Over time, a permanent co-counselor never showed up. She started to realize that she’d dedicated her life to stories, community, and being prepared, but the self-reliance part? Maybe she was getting a little too good at. It was becoming harder and harder to ask for help, and maybe that’s what she needed to learn how to do.

If a person doesn’t need any-thing, does she really need anyone?

One day she looked up and realized she hadn’t been camping in decades, turning down many camping trips because she no longer had the equipment.

Having just lived through a pandemic, she found herself asking the hard questions, like how did she want to be different in the back half of her life? Did she want to keep herself separate? Sitting home, alone on her couch? Did she want to keep missing out on fun opportunities simply because she didn’t know how to ask for help?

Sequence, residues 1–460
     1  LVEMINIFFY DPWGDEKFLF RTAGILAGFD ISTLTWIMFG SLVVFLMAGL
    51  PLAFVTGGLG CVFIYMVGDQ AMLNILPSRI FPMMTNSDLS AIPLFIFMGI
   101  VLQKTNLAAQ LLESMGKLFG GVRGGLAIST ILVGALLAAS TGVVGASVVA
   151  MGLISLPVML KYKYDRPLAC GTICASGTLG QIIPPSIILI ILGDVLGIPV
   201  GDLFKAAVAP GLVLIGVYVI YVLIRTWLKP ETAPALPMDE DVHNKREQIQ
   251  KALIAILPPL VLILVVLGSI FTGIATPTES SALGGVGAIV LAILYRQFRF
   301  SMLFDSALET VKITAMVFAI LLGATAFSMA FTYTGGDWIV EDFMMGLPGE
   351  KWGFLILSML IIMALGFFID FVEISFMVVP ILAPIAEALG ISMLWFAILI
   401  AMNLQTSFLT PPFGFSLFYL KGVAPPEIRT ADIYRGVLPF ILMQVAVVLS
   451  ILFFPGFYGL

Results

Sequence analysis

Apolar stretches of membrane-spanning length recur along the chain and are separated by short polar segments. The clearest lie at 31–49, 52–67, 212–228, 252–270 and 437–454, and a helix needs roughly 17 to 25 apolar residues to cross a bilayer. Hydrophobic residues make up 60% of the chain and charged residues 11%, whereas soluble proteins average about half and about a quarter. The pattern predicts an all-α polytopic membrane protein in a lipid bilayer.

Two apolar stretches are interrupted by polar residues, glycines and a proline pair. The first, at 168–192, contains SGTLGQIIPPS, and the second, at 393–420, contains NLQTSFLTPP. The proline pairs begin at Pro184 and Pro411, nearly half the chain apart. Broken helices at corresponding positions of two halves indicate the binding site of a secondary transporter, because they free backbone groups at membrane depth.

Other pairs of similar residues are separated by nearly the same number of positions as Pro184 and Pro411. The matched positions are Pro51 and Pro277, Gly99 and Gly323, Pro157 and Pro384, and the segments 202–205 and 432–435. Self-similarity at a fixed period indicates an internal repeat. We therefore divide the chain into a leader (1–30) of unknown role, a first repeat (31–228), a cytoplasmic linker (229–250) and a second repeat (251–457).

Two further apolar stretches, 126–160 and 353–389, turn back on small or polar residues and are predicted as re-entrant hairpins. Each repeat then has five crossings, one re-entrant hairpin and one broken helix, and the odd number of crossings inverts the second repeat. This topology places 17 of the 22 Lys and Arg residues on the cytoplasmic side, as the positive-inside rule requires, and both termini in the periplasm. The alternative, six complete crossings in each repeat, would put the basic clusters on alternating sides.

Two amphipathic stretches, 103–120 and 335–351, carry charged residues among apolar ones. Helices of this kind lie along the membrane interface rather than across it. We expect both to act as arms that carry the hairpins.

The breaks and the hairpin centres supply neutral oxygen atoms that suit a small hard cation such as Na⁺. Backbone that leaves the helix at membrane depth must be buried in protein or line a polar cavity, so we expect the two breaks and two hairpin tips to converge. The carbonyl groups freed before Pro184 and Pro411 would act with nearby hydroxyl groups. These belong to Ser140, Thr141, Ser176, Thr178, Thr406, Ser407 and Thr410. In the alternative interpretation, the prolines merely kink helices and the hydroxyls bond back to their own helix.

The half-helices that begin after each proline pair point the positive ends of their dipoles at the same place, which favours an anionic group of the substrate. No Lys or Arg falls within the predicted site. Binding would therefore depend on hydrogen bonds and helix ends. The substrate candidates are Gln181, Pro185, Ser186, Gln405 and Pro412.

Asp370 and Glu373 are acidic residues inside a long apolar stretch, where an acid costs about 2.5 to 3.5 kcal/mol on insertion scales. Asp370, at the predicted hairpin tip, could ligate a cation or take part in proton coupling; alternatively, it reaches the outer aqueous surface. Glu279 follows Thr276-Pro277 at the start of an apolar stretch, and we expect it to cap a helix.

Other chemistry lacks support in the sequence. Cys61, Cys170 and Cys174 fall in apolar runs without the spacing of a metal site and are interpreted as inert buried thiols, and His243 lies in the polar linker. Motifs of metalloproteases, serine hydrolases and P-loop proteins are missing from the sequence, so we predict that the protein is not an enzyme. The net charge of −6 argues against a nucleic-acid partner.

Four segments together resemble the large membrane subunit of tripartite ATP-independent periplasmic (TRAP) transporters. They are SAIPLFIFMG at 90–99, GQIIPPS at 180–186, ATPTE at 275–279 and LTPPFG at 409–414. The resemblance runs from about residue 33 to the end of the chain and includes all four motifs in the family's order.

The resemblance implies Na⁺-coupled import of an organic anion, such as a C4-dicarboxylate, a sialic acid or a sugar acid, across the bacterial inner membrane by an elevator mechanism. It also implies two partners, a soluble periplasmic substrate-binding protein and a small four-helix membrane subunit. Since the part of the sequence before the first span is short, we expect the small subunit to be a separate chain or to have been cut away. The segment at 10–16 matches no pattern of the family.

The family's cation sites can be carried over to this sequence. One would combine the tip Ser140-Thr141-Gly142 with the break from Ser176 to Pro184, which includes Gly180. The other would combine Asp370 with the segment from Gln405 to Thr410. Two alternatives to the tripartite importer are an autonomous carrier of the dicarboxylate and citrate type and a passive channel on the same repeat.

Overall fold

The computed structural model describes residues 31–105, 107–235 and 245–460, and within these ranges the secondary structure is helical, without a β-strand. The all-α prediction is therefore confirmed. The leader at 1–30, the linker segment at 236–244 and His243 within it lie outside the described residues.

No, came the answer, quiet and true. It was time to go about things differently.

She picked up the phone and called her friends. “Yes, I’d love to join you this weekend. Can we talk about what that would mean?” They were overjoyed at the chance to support her. 

She didn’t want a tent, though. She was very clear about that. She wanted to sleep in a hammock under the stars. 

That night, at the campsite, she stood next to a campfire and told her friends the stories she used to tell to children. They smiled and laughed and nodded, agreeing it was, yes, yes, very good that she’d become a storyteller. 

After all the s’mores were eaten, all the secrets shared, her friends wandered off to their tents, and she climbed into her hammock to lay and listen to the sounds of night in the forest in the way that felt both natural and foreign, the old genes being expressed. 

She sighed, stretched, settled into her middle-aged self more comfortably, and let go of some old stories.

“I am prepared,” she whispered to the night sky. “Prepared for whatever comes next.”